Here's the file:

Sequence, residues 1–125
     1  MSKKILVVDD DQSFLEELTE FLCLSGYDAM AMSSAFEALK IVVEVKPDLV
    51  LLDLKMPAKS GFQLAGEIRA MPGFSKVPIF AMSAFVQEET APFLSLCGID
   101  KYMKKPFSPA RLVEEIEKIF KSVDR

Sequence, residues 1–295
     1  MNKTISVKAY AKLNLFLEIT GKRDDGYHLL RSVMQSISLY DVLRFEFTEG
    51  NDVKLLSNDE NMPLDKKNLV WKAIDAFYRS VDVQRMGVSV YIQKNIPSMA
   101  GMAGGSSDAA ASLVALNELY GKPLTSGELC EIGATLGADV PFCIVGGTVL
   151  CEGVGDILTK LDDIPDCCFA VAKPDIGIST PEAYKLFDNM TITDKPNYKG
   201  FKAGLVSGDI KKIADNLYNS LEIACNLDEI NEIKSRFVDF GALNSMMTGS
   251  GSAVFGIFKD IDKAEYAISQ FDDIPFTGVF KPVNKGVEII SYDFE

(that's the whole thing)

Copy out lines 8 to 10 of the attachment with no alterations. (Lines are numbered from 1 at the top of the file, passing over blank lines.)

   101  GMAGGSSDAA ASLVALNELY GKPLTSGELC EIGATLGADV PFCIVGGTVL
   151  CEGVGDILTK LDDIPDCCFA VAKPDIGIST PEAYKLFDNM TITDKPNYKG
   201  FKAGLVSGDI KKIADNLYNS LEIACNLDEI NEIKSRFVDF GALNSMMTGS